OCTOBER 21, 1955
CEDAR RAPIDS, Iowa—On Tuesday night in New York I went to the benefit performance, given for the Citizens Committee for Children, of "Tiger at the Gates."
The theme of this play is interesting, and Michael Redgrave, as Hector, does a fine piece of acting. However, I found Helen not very real, and though the story works up to a tragic climax when the man who wants peace most is the one to bring on war. Nevertheless, I found myself less moved than I had expected to be by the play—even though it is witty in spots and, as I said, the theme quite fascinating.
The audience, though, seemed to enjoy the play and I think it will have a good run. Perhaps seeing "The Diary of Anne Frank" so recently—which reaches a height, I think, one seldom feels on the stage today—may have made me too critical. In any case, I enjoyed the evening though I wasn't deeply moved.
Back in September I had a letter from the American Social Hygiene Corporation, which I just haven't been able to mention before this. There has always been so much to talk about that I have not had time to explain the background of the movie they asked me to bring to your attention.
This is a movie called "Phoenix City Story" and was released in September by Allied Artists. It should be showing in communities throughout the country when community chest funds and other allied drives are in progress.
The American Social Hygiene Association is supported through these campaigns but it is one of the agencies whose work it is difficult to publicize. This film tells more effectively than any number of pamphlets the situation that can develop in a community and which this association can help citizens to meet and to fight. This year the American Social Hygiene Association is making its own appeal for support in communities throughout our country and so it is important that people should understand the value of its work.
If you see "Phoenix City Story" advertised in your town, go and see it. It is not just an ordinary movie. It is the story of what happens in a real city, what racketeers can do, and how the public can fight back. The American free press did a great deal to uncover the whole situation in this small Alabama city, and we can be grateful that we live in a country where the press is still free.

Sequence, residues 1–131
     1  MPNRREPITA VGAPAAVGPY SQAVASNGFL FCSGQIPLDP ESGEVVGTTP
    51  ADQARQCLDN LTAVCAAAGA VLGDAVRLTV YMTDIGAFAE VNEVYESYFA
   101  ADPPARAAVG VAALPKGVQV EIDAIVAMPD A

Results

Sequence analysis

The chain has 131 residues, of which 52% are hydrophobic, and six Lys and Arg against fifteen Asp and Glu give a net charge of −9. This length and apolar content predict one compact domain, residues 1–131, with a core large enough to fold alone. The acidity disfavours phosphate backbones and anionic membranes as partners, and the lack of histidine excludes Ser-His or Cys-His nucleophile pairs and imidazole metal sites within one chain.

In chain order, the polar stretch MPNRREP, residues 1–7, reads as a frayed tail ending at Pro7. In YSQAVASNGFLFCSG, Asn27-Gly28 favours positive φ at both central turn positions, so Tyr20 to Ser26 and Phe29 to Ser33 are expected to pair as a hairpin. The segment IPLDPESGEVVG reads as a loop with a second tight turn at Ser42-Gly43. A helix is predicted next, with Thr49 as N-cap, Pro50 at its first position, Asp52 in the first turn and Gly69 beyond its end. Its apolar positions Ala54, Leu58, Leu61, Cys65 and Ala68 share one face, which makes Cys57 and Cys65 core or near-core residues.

The town itself had no big paper but in the area there were papers that were keeping in touch with the situation and telling people about it. The public had remained apathetic until a Public Betterment Association was formed and a crusading citizen, A.L. Patterson, became such a nuisance through his activities that the racketeers murdered him. This woke the public to action and the cleanup went on in a truly remarkable fashion.
The tragedy was that a man had to die before the people could be moved into action.
(Copyright, 1955, by United Feature Syndicate, Inc.)
Names and Terms Mentioned or Referenced
- Patterson, A. Lindo [ index ]
[ LC | ISNI | VIAF | Wikidata | SNAC | FAST ]
- Redgrave, Michael [ index ]
[ LC | ISNI | VIAF | Wikidata | SNAC | FAST | ODNB ]
- [ index ] Cedar Rapids (Iowa, United States)
Other Terms and Topics
About this document
My Day by Eleanor Roosevelt, October 21, 1955
- Brick, Christopher (Editor)
- Regenhardt, Christy (Associate Editor)
- Black, Allida M. (Editor)
- Binker, Mary Jo (Associate Editor)
- Alhambra, Christopher C. (Electronic Text Editor)
Digital edition published 2008, 2017 by
The Eleanor Roosevelt Papers Project
Available under licence from the Estate of Anna Eleanor Roosevelt.
Published with permission from the Estate of Anna Eleanor Roosevelt.
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Transcription created from a photocopy of a UFS wire copy of a My Day column instance
archived at the Franklin D. Roosevelt Library.
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